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People ‘disappeared’ after Julian Assange and Wikileaks blended hacking with journalism, court hears | #hacking | #cybersecurity | #infosec | #comptia | #pentest | #hacker


By Riley Stuart in London, ABC

[xh ]People ‘disappeared’ after Assange published hacked documents, court hears

Police watch over protesters outside the Royal Courts of Justice in London before Wednesday’s hearing, as wife of WikiLeaks founder Julian Assange, Stella Assange (lower left) addresses supporters and media.
Photo: AFP/ Justin Tallis

People living under authoritarian regimes “disappeared” after Julian Assange blended hacking with reporting, “stole vast amounts” of classified documents and published them on his WikiLeaks website, a court has heard.

Assange, an Australian, is fighting extradition from Britain to the United States, where he has been charged with numerous offences under the espionage act.

He’s been in London’s HM Prison Belmarsh since 2019, and is running out of legal avenues to avoid being sent to America, where he could face up to 175 years behind bars if convicted.

On Wednesday, a hearing at the Royal Courts of Justice on The Strand was told Assange had “exposed to the world the unredacted names of human sources” who had helped the US.

He has been charged with 18 criminal offences in the US, including obtaining, receiving and disclosing classified information.

All of the charges relate to material published on Assange’s WikiLeaks website in 2010 which detailed evidence of, among other things, war crimes committed by US forces in Iraq and Afghanistan.

The information was given to him by soldier-turned-whistleblower Chelsea Manning, who was subsequently jailed for 35-years. She had her sentence commuted to seven years by then-US president Barack Obama, and was freed in 2017.

Assange’s legal team had earlier argued the Espionage Act had never been used to prosecute publishers before.

But on Wednesday, Barrister Clair Dobbin KC, acting for the US, told the court Assange and his WikiLeaks platform were not “ordinary journalists or publishers”.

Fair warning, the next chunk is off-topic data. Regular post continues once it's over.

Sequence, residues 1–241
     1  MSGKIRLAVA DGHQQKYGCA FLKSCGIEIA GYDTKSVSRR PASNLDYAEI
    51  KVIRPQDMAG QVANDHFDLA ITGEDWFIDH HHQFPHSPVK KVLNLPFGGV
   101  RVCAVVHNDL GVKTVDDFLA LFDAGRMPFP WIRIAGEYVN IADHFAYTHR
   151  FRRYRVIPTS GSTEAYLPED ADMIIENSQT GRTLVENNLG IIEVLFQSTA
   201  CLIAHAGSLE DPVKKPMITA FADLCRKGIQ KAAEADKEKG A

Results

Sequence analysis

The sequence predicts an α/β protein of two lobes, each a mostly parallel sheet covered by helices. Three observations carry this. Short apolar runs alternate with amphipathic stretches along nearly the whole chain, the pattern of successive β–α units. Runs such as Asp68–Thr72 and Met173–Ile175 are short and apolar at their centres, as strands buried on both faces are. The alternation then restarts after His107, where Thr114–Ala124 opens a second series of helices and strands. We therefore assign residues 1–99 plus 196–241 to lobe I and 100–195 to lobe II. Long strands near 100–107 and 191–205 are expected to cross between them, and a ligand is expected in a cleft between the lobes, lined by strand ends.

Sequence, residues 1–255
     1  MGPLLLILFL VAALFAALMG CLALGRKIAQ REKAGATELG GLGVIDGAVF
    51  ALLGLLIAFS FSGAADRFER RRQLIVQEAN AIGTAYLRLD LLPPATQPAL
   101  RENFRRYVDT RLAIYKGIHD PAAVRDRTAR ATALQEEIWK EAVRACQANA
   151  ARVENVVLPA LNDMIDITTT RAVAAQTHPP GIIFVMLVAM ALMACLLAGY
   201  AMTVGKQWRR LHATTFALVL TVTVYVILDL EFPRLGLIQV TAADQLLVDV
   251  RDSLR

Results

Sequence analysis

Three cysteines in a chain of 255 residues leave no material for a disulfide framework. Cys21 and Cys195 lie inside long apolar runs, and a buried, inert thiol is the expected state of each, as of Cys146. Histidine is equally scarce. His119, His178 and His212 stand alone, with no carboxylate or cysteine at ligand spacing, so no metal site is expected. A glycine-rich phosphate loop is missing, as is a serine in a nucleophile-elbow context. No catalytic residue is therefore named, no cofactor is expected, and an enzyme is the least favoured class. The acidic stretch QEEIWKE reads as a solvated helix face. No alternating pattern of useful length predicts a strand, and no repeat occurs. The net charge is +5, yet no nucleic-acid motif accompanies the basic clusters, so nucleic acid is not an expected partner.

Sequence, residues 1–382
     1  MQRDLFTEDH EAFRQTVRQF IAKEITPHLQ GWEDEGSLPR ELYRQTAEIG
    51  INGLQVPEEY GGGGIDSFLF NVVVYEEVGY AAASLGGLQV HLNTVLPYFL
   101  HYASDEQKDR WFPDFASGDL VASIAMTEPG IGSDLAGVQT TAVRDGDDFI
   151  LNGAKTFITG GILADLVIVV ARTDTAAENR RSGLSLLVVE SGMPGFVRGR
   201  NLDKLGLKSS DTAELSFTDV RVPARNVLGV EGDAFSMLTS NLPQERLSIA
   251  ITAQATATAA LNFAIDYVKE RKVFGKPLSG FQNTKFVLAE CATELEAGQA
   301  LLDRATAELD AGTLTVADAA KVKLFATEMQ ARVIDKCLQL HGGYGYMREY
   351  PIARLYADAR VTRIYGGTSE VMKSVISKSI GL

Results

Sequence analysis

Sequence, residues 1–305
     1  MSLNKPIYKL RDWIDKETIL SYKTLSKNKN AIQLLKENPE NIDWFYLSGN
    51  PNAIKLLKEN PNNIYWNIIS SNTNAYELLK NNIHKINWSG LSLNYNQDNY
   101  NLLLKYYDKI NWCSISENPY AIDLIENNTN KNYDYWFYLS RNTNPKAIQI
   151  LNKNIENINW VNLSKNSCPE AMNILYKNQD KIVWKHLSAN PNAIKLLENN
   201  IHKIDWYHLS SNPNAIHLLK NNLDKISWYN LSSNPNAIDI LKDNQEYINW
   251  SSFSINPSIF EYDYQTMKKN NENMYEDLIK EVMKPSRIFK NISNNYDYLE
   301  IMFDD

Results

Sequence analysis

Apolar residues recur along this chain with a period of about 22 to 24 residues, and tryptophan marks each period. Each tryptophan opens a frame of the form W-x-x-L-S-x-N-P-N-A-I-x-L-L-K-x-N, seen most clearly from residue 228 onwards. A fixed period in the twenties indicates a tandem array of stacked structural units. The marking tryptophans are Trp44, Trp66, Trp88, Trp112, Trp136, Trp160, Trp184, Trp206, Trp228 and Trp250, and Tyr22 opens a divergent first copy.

She said Assange had encouraged Manning to “steal” classified documents and that lives had been put at risk by the Australian’s decision to “knowingly publish the materials with the names unredacted”.

“These are people who had to leave their homes, flee their homelands, because they had been identified in the state department cables,” Dobbin told the court.

She said there were “individuals who have subsequently disappeared since the publication of the cables”, adding: “Many of them lived in war zones or under oppressive regimes.”

Assange running out of options

This week’s hearing is Assange’s last avenue in Britain’s justice system to challenge the extradition.

He is asking the High Court of England and Wales permission to appeal a decision that would see him handed to American authorities.

The two judges who heard the matter have reserved their decision for a later date.

If Assange is successful, he will remain in custody while the High Court hears an appeal at a later date.

If he is not, his lawyers have flagged they will take the case to the European Court of Human Rights – although legally, it would be possible for British authorities to send the 52-year-old to the US before that.

Assange’s lawyers had earlier in the hearing claimed he was being punished for leading a global opposition movement to the United States.

But on Wednesday, Dobbin KC made it clear the US was keen to get its man, pointing out the attempt to extradite him had spanned two different White House administrations.

“Nevertheless the prosecution of the appellant remains on foot,” she said, because it was “based on law and evidence not political inspiration”.

Assange has been behind bars since April 2019, when police arrested him inside the Ecuadorian Embassy where he had been holed up for seven years, claiming political asylum.

Seventeen of the 18 charges Assange is facing fall under the US Espionage Act 1917.

On Tuesday, Assange’s team told the court that their client was not an American citizen and was not living or working in the US at the time of the alleged offences.

He had been granted permission to attend the hearings in person and via video link, but is too sick to do either.

Independent federal MP Andrew Wilkie was in London for the second day of hearings.

He has long campaigned for Assange to be returned to Australia and outside court said if the 52-year-old was sent to the US, it would be “a death sentence”.

“The one man that I wanted to see, that I didn’t see, was Julian Assange himself, he is too unwell to attend,” Wilkie said.

“He’s not well enough to be in Belmarsh prison at the moment, let alone well enough to be extradited.”

The two days of hearings have concluded, and there is no timeline for a ruling.

This story was first published by [https://www.abc.net.au/news/2024-02-21/julian-assange-extradition-challenge-court-hearing-continues/103496312

ABC]

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